The boy blithely swung the black, shoulder stocked, scoped weapon along his right side, right index finger wrapped around the trigger.
I planted my hands on my hips and focused on his movement along the lake.
The boy rose the muzzle of his air gun towards a murder of crows heading eastbound.
I furrowed my brow.
The boy discharged a pellet towards the animals, lowered the air gun back to his side, and, smiling, continued his walk along the lake.
I descended my stairs and restrained the want to tackle him.
“Tell me you have a reason to be back here with an air gun.”
His lackadaisical stroll slowed as he realized I was talking to him. Gun is still to his side, finger is still wrapped around the trigger. His to-and-fro swing can send a pellet any direction, including my way.
“You’re out here shooting birds?” I ask, because it’s illegal. His ability to walk around the lake with an outfitted air gun is also, technically, illegal. But this is Florida, these details tend to be oversights.
I’m standing 20 yards from him. His finger is still on the trigger.
“I’m doing target practice. I set up a target over there.” He points with his left hand to the grouping of pine and palms along the back fence. I scan the trees. There’s no targets of any kind. But I do know there’s bald eagles, red tipped hawks, and vultures in that vicinity. This is my backyard, after all. I know all the wildlife back here, sentient and nescient. This nescient bastard of bastards was brand new to me.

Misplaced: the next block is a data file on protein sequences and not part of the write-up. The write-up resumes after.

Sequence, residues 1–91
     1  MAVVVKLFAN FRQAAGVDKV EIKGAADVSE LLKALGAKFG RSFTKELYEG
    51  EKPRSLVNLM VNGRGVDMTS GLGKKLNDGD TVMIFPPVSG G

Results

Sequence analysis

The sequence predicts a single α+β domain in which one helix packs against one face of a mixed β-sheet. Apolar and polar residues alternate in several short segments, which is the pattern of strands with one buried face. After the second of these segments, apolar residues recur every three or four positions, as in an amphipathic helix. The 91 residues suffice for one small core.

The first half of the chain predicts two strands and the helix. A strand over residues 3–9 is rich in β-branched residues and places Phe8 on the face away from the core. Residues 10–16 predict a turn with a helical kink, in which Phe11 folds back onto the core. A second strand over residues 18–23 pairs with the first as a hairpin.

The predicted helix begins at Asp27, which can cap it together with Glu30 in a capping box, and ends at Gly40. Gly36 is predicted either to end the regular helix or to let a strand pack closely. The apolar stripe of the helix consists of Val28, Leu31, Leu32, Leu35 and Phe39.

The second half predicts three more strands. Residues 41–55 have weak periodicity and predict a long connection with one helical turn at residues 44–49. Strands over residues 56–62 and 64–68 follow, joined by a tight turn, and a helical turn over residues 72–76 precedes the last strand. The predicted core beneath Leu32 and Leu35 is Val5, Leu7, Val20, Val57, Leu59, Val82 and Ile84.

His finger is still on the trigger. He’s brought the gun to his hip. I’m standing 10 yards from him. I’m fighting the urge to whip him with his own weapon.
I don’t follow him but my eyes do. He continues crossing the yard, looking back at me watching him, his smile twisting more wryly the further he gets from me. He shoots me an annoyed look. My glare doesn’t break, but I remind him, “Try not to hit the endangered species.” I want him to. He’d HAVE to go to jail once he does.
It looks as if he’s heading towards the walking path, away from the trees, away from the lake. I turn to ascend my stairs.
“Don’t worry, I won’t hit the endangered species!” he snarked. I ball my fist around the staircase railing. That little shit! Let it go, Von, let it go.
Recently a Florida man was sentenced to 30 years in prison for firing his weapon into a car of teenagers. He killed one, but the jury was hung on the decision to charge him with first degree murder. This man was compelled to fire his weapon because the volume emanating from the vehicle he shot into was too loud. He felt inconvenienced and decided the smart solution was to add volume to volume. You ever fire a weapon in close range? There isn’t a loud enough rap song to overcome that sound.
But for him, it was logical. Cogent. Righteous.
My concern about this little brat crossing my yard to shoot at birds is that he didn’t see a problem with carrying the weapon as he did, finger on the trigger, swinging it to his side, ready to fire. My problem isn’t with the gun. It was his lack of accountability for possessing it. His disaffected demeanor in holding the gun was his pronouncement of dominion; in the case of the crows flying over, he was contented to shoot at them for the mere capacity for it. Not a care in the world.
A school-aged kid walking around the lake at 10am on a Friday afternoon. I don’t get into the whole parents argument because I am not one. But I will say this; this Florida asshole running around with a weapon at his disposal will be an adult soon. He will become an asshole law enforcer, or even better, an asshole law-maker. I can’t make him my problem now, but he will be all our problems later.